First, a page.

Artificial Intelligence. Essay

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Artificial Intelligence: Cognitive Ability or Information Processing Computers have become an integral part of our everyday lives. We rely upon these machines to perform innumerable tasks that we often take for granted. Most people realize that computers are able to perform the multitude of functions as a consequence of the programming they receive. These programs give computers a set of instructions that governs their transition from one information processing state to another. Thus, computational machines are able to respond to a certain set of inputs with a certain range of outputs. In order to comprehend programs one needs only to describe these instructions in functional terms. In this regard, computer programs are extremely similar…show more content…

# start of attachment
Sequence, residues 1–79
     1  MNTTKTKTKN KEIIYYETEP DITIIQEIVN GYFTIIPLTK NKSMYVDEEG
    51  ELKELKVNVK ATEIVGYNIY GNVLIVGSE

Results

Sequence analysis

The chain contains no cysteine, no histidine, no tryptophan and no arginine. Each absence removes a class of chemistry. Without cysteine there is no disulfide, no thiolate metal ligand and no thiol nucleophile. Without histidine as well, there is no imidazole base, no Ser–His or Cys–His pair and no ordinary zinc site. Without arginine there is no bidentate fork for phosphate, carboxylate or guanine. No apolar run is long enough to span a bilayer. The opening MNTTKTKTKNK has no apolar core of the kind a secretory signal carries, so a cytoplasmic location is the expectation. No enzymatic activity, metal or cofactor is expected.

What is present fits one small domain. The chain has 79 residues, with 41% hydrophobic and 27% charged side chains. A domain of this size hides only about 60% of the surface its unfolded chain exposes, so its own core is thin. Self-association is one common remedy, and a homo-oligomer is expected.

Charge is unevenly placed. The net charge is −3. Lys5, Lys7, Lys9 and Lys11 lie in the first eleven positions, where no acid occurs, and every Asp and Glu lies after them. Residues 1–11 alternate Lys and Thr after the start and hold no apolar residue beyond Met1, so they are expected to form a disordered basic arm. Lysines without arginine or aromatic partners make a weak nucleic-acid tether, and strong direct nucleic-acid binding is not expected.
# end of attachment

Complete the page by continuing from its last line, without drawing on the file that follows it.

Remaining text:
In Searle’s opinion, computers can never be minds because they are inherently different from brains. He argues that brains do not merely instantiate a program but also cause mental events by virtue of specific neuro - biological processes. Searle is essentially making the contention that brains, by virtue of their specific biochemical properties, cause minds. Consequently, according to Searle, any artifact that produced mental phenomena would have to be able to duplicate the specific causal powers of brains and it could not do that just by running a formal computer program. Although it is interesting to contemplate, Searle’s argument definitely has its share of flaws. The Churchlands, as proponents in the possibility of artificial intelligence to duplicate the mind, (yet not believers of strong AI as it was previously defined ) do their best to illustrate these weaknesses in his theory. The primary objection which they have with Searle’s argument against the plausibility of artificial intelligence lies with the third premise in his original proof. The Churchlands argue that this premise, which states, “Syntax by itself is neither constitutive of nor sufficient for semantics,” is an assumption rather than a fact. Additionally, they contend that to assume its truth is tantamount to “begging the question” against classical AI. Classical AI rests on the premise that if one can
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